COS 21-6
Biological nitrogen fixation by biocrusts and contribution to N flows in a grazed grassland ecosystem in Northern Mexico

Tuesday, August 11, 2015: 9:50 AM
319, Baltimore Convention Center
David R. Smart, , University of California, Davis, CA, USA
Elisabeth Huber-Sanwald, Environmental Sciences Division, Instituto Potosino de Investigacion Cientifica y Tecnologica (IPICYT), San Luis de Potosi, Mexico
Tulio Arredondo Moreno, División de Ciencias Ambientales, Instituto Potosino de Investigación Científica y Tecnológica A. C. (IPICYT), San Luis Potosi, Mexico
Jayne Belnap, Southwest Biological Science Center, U.S. Geological Survey, Moab, UT, USA
Background/Question/Methods

Grasslands in Northern Mexico are often seriously degraded because of long-term grazing. These grasslands have low plant cover and extensive vegetation-free interspaces of compacted soils, which are frequently covered by diverse and abundant biocrusts. While their functional role in carbon (C) exchange, infiltration and soil stabilization is fairly well understood, as nitrogen fixing associations little is known with respect to their quantitative contribution to soil N in the surface horizons (0-3.5 cm). During the 2005 dry season, we collected soil biological crust (Acarospora schlecheri, Buellia sp., Disploschistes diacapsis and Placynthiella uliginosa, Acarospora opallens) in the interspaces of an open C4 grassland (Aristida divaricata, Bouteloua scorpioides) and their root associated soil at three depths (0-0.5 cm, 0.5 – 1.5 cm, 1.5-3.5 cm). Natural abundance ratios of the stable isotope of 15N in biocrust and C4 grasses were analyzed. Then, using these as end-members in a mixing model approach, we determined 1) qualitatively to which soil depth soil biological crusts contribute N, and 2) quantitatively the amount of N (total N, and percentage) contributed by different lichen species to each soil layer. We collected root biomass at each corresponding soil depth to examine if biocrust derived soil N stimulates root foraging by neighboring grass roots.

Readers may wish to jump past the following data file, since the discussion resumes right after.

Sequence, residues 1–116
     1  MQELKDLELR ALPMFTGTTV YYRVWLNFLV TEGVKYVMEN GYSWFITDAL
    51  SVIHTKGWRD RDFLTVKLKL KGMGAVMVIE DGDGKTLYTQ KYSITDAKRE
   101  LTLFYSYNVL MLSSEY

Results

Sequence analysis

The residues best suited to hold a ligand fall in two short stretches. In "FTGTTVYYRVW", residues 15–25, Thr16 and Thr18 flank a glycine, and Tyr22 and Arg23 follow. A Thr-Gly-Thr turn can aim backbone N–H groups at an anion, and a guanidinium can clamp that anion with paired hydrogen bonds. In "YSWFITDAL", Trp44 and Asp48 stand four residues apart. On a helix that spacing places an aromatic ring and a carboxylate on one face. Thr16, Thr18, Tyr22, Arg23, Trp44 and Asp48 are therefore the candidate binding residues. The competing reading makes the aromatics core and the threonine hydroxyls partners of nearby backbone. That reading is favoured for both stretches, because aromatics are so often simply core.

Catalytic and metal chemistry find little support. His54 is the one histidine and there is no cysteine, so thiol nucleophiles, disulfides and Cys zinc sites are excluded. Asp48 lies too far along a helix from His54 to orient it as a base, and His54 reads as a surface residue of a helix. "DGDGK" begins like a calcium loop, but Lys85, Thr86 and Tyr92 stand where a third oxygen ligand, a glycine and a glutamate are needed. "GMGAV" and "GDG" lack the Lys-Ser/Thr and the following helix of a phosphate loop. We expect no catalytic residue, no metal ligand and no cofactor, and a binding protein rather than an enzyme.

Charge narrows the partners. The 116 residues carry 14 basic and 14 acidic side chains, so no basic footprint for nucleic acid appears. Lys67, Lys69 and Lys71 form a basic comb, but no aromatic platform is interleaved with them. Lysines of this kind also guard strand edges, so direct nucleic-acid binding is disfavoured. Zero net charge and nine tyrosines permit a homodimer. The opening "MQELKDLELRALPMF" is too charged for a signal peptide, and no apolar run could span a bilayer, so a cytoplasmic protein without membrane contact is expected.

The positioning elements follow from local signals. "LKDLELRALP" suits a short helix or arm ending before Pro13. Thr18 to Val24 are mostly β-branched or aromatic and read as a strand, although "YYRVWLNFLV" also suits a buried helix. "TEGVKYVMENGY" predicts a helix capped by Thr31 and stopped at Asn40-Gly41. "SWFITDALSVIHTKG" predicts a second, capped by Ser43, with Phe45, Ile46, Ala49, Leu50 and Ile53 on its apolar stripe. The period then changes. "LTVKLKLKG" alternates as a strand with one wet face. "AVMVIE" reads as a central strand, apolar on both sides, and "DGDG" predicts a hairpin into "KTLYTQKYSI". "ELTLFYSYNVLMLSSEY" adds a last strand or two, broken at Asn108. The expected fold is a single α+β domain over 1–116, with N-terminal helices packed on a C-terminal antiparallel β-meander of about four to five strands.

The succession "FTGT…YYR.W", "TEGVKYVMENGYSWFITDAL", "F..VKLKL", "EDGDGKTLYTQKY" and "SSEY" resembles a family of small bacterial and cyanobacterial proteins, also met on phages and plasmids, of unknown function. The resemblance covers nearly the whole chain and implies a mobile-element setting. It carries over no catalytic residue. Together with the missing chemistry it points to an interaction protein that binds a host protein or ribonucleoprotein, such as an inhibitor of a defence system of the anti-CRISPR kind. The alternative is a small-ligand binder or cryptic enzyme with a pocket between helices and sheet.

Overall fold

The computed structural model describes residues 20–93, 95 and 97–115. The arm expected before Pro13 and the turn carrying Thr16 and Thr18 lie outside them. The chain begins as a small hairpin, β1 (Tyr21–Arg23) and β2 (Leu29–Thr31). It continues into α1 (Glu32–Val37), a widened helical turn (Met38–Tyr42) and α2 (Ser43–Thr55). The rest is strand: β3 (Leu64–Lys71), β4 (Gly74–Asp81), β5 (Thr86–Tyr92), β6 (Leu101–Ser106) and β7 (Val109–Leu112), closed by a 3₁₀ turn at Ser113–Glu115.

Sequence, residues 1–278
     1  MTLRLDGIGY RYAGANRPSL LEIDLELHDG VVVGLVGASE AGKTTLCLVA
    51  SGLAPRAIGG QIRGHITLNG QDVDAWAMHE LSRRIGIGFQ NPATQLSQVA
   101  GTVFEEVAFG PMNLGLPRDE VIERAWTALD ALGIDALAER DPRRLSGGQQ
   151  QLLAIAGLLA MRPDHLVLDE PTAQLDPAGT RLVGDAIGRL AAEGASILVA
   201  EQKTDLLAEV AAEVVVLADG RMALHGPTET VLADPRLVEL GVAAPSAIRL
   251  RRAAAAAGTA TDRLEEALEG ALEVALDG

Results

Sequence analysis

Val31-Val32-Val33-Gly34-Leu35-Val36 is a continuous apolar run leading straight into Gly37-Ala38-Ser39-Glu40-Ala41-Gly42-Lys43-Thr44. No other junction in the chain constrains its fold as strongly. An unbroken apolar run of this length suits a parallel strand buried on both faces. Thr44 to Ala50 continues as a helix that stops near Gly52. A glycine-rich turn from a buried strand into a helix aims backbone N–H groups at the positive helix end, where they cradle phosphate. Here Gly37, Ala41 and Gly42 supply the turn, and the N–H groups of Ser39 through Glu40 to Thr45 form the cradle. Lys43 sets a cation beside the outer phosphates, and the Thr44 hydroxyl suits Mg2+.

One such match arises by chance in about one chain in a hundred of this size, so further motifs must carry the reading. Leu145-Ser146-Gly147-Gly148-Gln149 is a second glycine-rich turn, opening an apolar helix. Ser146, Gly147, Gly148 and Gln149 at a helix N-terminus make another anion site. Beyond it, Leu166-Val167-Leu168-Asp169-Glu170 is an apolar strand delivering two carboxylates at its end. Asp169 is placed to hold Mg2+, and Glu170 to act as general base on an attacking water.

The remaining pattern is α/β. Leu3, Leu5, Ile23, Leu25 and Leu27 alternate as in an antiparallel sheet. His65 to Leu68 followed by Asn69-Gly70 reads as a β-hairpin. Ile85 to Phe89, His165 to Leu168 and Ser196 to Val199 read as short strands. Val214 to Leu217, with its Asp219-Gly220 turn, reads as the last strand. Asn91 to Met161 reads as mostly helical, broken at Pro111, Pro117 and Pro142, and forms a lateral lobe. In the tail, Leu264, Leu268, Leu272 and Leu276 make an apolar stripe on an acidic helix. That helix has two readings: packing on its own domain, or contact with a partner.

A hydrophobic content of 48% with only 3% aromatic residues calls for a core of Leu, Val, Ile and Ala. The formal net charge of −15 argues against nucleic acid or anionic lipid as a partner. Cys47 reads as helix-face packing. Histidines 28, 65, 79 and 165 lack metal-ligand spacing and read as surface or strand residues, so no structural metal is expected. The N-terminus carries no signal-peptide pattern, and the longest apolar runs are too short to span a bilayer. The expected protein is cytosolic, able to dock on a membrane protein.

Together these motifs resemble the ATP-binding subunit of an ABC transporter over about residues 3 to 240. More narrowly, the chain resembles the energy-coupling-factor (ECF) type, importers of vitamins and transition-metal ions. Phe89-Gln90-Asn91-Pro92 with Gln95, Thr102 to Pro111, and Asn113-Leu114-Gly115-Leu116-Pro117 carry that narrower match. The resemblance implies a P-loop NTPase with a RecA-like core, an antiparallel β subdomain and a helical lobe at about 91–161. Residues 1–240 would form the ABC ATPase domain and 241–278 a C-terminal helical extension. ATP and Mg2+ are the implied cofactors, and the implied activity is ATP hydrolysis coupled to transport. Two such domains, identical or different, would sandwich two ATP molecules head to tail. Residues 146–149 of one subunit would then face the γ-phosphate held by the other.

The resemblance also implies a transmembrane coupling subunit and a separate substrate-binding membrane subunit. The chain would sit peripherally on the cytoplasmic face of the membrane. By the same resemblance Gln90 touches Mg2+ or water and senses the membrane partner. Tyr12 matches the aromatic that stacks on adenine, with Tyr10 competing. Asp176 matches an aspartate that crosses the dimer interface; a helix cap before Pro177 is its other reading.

Results/Conclusions

The ∂15N analysis indicated that all lichen species deposited biocrust derived N (apparent N-fixation), in soil beneath the lichen thalli down to 3.5 cm depth. The quantity of biocrust N differed among lichen species (P<0.05). Depending on the lichen species, they contributed from 45 to 57% newly fixed N to the total N pool. A. schleicheri, A. opallens, and Placintiella contributed significantly more N than D. diacapsis and Buellia sp.  Hence, these lichen species may contribute to between 0.25 and 0.42 t N ha-1 in the top 3.5 cm soil. Plant root biomass was highest at 0-0.5 cm and declined with increasing soil depth (P<0.05). Root biomass allocation beneath lichen thalli differed among species (P<0.05); it was highest for soils associated with D. diacapsa (P<0.05). Our results suggest that biological soil crusts play a significant role in the N dynamics beyond the biocrust layer, and that these biocrust species may influence soil N fertility at a small spatial scale. For an ecosystem impacted by intensive grazing, roots of grasses within and between these interspatial areas depend on biocrust N-fixation for N provision.